The Inclusion Of Black Empowerment Within South Africa

The execution of Black empowerment in South Africa started with first democratic elections in the country in 1994, when Nelson Mandela, the president of the ANC, was chosen as President. This was the political liberation of the black population.

The ANC government, however, realised that without economic freedom and black empowerment in this connection, the country would face revolt at some point. So, in 2001, the concept of Black Economic Empowerment (BEE) was tabled and a model thereof applied. The model had 7 pillars, but only two were obligatory or known as direct empowerment, i.e. equity ownership and management. This led to a flurry of economic and commercial action. Virtually instantaneously a few blacks became loaded individuals through JSE listed share transfers and deals on one hand, and on the other white owned business scurried to employ black management in order to abide by government tender requirements. Both issues transpired not to have had the required effect of black empowerment, but for a number of privileged. On the equity issue some people who in the main were well associated ANC individuals became very wealthy without any overspill to the black masses. Of those blacks selected to management positions in certain white controlled companies, ended up to often be token appointments, also due to a lack of any successful leadership development training by the appointees. A few of these individuals were paid huge salaries without being able to contribute much to the company, as they were quickly identified and had little impact in the giving of tenders.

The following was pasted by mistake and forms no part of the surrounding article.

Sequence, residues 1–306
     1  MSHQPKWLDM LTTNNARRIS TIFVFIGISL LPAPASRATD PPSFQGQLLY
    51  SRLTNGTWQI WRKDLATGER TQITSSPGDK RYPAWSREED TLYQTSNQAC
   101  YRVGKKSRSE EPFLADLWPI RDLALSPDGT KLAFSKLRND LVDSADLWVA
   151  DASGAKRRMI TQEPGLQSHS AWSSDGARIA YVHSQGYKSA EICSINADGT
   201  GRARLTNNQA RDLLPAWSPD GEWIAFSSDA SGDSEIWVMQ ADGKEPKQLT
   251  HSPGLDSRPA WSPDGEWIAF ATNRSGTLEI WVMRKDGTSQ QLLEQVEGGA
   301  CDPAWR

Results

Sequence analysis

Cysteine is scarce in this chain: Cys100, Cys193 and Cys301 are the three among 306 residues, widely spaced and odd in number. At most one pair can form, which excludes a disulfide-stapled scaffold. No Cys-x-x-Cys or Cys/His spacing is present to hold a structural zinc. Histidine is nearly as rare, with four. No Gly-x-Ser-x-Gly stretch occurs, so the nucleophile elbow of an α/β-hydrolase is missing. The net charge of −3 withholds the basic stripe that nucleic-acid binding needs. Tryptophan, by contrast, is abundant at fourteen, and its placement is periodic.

Reacting to wide-spread criticism of BEE, the government in 2003/4 launched an amended model called Broad Based Black Economic Empowerment (B-BBEE) where equity ownership and management only measured 30% of the total rating in the model, thereby efficiently putting pay to the previous grievances of “equity stripping” by a few individuals, who were also criticised by government for not being true…

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